Women and the conflict in Colombia
Background – the conflict
The current Colombian armed conflict has existed since approximately 1964 or 1966, which was when the Revolutionary Armed Forces of Colombia (FARC) and later the National Liberation Army (ELN) were founded and subsequently started their guerrilla insurgency campaigns against successive Colombian government administrations. It originally began as a backlash produced by a previous conflict known as La Violencia, which had been triggered by the 1948 assassination of populist political leader Jorge Eliécer Gaitán.
The subsequent targeting of civilians and public infrastructure by the different armed factions contributed both to the creation of the guerrillas and that of paramilitary groups organized to fight against them. After the fall of the Soviet Union, the spread of both the illegal drug trade, the drug cartels and the U.S.-backed War on Drugs increased the intensity of the conflict and involved all of its participants.
Women and the conflict
Women have suffered the brunt of the conflict, victim to violence and disappearances. According to the Global Justice Center, every two days, a woman dies in Colombia from “political” causes – murder by armed groups, disappearances, illness caused by displacement and malnutrition, and every fourteen days, a Colombian woman falls victim to forced disappearance.
According to a 2004 report published by Women Waging Peace:
- seventeen percent of missing and assassinated political and community activists were women by 2002.
- All rebel and paramilitary groups in Colombia have been reported to rape women and
girls and torture civilians.
- Women have been forced to observe war crimes committed against their sons and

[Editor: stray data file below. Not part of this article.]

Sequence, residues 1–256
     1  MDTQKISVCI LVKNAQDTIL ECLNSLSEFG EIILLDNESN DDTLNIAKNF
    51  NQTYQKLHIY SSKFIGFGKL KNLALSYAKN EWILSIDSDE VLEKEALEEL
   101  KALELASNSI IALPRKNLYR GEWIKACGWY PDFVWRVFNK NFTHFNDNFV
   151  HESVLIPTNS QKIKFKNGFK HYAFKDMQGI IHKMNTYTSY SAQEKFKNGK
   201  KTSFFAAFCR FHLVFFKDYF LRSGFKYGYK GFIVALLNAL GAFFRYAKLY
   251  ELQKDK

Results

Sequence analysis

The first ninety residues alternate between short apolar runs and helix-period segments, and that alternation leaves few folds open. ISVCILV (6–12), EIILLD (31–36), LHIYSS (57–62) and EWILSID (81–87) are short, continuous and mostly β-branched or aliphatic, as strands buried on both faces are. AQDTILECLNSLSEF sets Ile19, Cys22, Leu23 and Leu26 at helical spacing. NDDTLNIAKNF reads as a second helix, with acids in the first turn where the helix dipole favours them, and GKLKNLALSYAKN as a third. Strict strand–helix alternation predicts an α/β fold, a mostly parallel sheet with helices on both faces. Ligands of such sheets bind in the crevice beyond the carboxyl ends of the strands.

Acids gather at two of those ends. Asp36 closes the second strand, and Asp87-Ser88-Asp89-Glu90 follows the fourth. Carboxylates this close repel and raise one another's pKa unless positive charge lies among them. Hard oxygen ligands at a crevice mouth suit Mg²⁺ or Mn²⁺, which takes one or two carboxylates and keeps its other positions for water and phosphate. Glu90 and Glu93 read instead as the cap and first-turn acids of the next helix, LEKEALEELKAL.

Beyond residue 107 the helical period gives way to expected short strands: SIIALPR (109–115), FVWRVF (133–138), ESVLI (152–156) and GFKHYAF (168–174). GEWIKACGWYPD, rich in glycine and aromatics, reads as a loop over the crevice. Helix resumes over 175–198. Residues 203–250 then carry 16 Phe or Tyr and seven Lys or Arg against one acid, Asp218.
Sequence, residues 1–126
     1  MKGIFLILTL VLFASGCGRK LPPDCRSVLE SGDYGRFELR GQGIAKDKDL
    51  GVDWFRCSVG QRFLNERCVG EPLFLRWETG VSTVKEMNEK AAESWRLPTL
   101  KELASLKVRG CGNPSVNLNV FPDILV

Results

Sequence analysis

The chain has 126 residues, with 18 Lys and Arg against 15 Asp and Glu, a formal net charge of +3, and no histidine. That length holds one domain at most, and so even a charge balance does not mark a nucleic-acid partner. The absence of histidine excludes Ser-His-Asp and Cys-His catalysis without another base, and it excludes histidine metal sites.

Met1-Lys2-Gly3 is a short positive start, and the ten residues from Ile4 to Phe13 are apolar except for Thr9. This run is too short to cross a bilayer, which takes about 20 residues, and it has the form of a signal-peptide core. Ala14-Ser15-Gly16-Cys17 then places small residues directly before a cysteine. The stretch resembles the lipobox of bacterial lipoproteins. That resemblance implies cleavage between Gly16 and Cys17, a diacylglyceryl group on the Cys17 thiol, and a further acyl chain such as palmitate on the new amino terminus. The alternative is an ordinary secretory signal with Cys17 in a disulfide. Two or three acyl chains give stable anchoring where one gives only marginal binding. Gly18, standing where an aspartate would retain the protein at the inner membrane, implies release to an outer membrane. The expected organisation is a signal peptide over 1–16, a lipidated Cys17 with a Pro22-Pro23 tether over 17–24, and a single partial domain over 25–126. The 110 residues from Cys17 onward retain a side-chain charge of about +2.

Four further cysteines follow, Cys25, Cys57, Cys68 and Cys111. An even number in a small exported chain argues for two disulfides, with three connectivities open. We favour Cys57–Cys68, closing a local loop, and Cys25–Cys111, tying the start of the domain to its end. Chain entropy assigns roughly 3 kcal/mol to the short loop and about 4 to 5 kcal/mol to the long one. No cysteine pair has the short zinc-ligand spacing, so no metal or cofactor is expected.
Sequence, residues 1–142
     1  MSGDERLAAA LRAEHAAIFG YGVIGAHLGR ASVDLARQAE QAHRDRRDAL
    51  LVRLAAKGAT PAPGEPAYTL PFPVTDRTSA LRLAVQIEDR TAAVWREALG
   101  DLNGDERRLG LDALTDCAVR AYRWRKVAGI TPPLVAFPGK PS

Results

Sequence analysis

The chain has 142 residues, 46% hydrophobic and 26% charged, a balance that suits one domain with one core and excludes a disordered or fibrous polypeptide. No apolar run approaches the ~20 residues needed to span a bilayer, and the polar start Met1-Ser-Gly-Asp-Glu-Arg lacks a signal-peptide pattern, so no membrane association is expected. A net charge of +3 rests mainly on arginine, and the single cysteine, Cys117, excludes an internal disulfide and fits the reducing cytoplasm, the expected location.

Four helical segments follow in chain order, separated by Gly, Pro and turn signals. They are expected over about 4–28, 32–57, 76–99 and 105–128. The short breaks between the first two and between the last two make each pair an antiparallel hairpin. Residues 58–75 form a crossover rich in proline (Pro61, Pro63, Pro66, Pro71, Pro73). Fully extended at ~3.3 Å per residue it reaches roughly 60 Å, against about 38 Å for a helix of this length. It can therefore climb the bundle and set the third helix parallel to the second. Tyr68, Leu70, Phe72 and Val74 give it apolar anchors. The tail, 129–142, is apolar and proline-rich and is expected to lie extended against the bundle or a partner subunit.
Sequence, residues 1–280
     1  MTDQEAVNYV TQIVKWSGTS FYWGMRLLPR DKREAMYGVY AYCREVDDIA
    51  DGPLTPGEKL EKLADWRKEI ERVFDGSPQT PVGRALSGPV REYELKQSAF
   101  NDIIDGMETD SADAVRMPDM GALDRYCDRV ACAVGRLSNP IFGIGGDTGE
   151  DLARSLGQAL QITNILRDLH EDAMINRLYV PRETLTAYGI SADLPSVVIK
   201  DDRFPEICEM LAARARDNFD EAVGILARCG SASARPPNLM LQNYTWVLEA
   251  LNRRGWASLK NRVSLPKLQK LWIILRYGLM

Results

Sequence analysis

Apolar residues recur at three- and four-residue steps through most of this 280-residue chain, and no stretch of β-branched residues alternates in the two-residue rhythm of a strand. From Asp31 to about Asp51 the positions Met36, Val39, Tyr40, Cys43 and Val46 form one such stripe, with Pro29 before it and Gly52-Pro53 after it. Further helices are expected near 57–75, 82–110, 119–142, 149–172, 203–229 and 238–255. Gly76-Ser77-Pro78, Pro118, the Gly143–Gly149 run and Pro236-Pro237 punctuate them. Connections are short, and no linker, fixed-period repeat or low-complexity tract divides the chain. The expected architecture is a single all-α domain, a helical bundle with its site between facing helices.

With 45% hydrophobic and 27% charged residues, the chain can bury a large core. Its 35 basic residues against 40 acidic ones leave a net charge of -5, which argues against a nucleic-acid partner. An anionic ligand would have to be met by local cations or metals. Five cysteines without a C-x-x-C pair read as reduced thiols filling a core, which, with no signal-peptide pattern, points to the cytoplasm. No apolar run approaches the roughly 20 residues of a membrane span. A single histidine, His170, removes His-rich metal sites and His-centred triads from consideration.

husbands as well as being victimized by executions, mutilations and sexual slavery.
- The Women’s Commission for Refugee Women and Children reported that girls as young as five
have been kidnapped and raped in recent years. The Women’s Commission cites studies stating
that the rate of rape amongst adolescent girls is 2.5 per 1000.
- As many as 45 per cent of FARC ranks may be women and girls as of 2004.http://www.globaljusticecenter.net/projects/colombia/impact.html
The FARC have attempted to employ more female guerrillas, and the situation of women in the camps is poor. The FARC impose strict rules on sexual relationships and forbid pregnancy, which often results in forced contraceptive use and abortions. However, Colombian women have never been represented as a sector at formal negotiations with guerrilla groups with the exception of the 2002 negotiations between the FARC and the Pastrana administration, as one woman participated in the Thematic Commission on behalf of FARC and one woman participated in the Notables Commission.
Women’s human rights campaigners face extreme threats to their security in Colombia as well. On 16 October 2003 activist Esperanza Amaris Miranda was slain in Barrancabermeja. In December 2003, the office of an NGO working with UNHCR to assist displaced women in Bogota was broken into and vandalized. Computers and files were stolen by unidentified armed men from Corporacion Casa de la Mujer.
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